You've got a friend--you just don't know how good until you meet up again

Gene Mueller's Blog

It's taken more than a week for me to get my head around what happened last weekend.

I told regular readers about a special Christmas gift I'd received from my niece, Jenny Heinzen. A Stevens Point resident, she knew I'd gone to school at UWSP and worked at the campus radio station, WWSP/90FM back in the mid-70's. Jenny wanted to find old photos she could re-purpose for under the tree, shots of her uncle when his hair was long/black and his waist thin. The station had none (at least, not at the spur of the moment but as you can see above, said photos exist) but management offered something else--air time during the upcoming summer's alumni weekend. She bought me two hours worth (the cash helps keep the station going) and a great idea became a a few days I'll never forget last weekend.

Fellow 90FM alum and lifelong bud Jerry Gavin bought in--he went on to program several stations after graduation including Milwaukee's 93QFM before going into Milwaukee real estate. A surprise attendee was Chris Shebel who, along with Gavin, helped turn the campus station into what it is today: a Central Wisconsin music alternative, as well as the home of the world's largest trivia contest each April. Chris and Jerry both stood up in my wedding. I see Jerry almost weekly but hadn't been face to face with Chris in decades as he moved around the country, living the life of a radio programmer for a major national concern.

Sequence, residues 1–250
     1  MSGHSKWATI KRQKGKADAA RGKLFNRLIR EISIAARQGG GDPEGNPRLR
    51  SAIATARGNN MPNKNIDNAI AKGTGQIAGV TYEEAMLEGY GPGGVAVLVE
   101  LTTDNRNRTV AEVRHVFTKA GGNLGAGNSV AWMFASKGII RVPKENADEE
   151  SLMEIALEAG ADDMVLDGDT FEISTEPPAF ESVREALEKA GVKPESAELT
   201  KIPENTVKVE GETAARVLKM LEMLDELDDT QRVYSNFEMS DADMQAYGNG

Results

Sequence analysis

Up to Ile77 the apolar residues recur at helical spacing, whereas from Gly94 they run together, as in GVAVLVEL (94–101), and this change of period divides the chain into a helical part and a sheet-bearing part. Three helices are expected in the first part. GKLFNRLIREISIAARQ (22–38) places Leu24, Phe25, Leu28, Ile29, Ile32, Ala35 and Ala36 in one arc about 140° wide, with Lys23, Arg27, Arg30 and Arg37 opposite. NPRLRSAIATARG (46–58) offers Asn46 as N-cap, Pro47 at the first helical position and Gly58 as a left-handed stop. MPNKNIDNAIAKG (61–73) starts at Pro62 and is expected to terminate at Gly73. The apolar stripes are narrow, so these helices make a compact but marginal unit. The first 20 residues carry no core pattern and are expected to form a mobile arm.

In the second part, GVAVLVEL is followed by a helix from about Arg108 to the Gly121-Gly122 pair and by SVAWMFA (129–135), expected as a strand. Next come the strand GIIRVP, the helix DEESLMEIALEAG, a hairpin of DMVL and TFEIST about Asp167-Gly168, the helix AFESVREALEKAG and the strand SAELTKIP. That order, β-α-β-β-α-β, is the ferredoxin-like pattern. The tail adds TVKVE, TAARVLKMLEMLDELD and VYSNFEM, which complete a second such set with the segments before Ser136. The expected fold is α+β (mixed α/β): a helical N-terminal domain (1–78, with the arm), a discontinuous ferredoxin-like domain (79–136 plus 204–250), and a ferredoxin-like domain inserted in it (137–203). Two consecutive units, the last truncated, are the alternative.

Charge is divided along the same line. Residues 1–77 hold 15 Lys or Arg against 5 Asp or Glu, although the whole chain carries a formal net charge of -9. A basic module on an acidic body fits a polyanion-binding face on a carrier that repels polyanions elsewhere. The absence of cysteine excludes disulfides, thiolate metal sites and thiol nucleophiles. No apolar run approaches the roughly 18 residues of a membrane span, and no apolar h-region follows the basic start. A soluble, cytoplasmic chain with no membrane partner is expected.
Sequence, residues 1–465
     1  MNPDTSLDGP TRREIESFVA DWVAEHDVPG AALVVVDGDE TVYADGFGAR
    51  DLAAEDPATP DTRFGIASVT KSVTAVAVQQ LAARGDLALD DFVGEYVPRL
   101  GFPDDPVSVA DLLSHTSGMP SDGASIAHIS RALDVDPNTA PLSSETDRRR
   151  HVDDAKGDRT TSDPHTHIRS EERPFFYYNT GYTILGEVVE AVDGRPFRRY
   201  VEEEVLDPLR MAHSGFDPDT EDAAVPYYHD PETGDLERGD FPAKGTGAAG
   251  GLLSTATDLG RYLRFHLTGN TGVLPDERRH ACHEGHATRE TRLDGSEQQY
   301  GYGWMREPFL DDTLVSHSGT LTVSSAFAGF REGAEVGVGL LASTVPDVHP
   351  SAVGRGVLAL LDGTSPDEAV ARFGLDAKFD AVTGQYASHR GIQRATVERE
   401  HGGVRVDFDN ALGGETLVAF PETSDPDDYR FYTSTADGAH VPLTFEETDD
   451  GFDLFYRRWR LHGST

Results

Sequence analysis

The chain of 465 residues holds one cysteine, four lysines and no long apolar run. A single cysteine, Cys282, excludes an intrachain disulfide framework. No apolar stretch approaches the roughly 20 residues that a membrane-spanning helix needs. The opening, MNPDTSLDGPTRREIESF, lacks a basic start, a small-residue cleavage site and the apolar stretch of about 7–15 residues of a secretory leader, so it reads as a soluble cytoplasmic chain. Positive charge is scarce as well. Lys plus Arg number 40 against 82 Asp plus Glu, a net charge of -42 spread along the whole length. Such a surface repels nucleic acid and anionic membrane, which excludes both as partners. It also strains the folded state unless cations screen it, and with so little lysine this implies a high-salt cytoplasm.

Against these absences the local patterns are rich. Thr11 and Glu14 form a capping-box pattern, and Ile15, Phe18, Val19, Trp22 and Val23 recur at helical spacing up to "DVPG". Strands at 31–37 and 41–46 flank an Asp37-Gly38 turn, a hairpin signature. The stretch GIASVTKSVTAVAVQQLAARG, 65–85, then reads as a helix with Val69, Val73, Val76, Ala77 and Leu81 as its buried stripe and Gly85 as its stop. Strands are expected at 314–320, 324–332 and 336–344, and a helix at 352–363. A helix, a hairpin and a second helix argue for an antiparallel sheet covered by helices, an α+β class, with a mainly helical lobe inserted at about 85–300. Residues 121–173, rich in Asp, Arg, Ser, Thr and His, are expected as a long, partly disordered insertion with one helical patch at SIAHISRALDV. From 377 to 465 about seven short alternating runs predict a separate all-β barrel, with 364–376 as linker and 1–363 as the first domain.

My family was all too eager to join in the hijinx--I guess they wanted to hear if all those old college stories I'd bored them to tears with were actually true--and we arrived Friday. Dinner was had, and then it was time for Mom (a UWSP grad) and dad (who went two years before quitting) to walk our crew down memory lane. Or, more appropriately, around Stevens Points' famed Square: by day, a public parking lot and sometimes farmer's market and by night, a place where college kids went to drink a lot on the cheap. We showed them old watering holes and Jenny turned us on to her favorite hang-out, the Elbow Room, which featured something I'd never, in all my years of tavern-going, had ever encountered: a shot-ski, a slat that hung from the ceiling into which were carved oh, maybe a dozen one-ounce glasses. The whole family lined up and took part in the ritualistic downing of schnapps in front of cheering onlookers.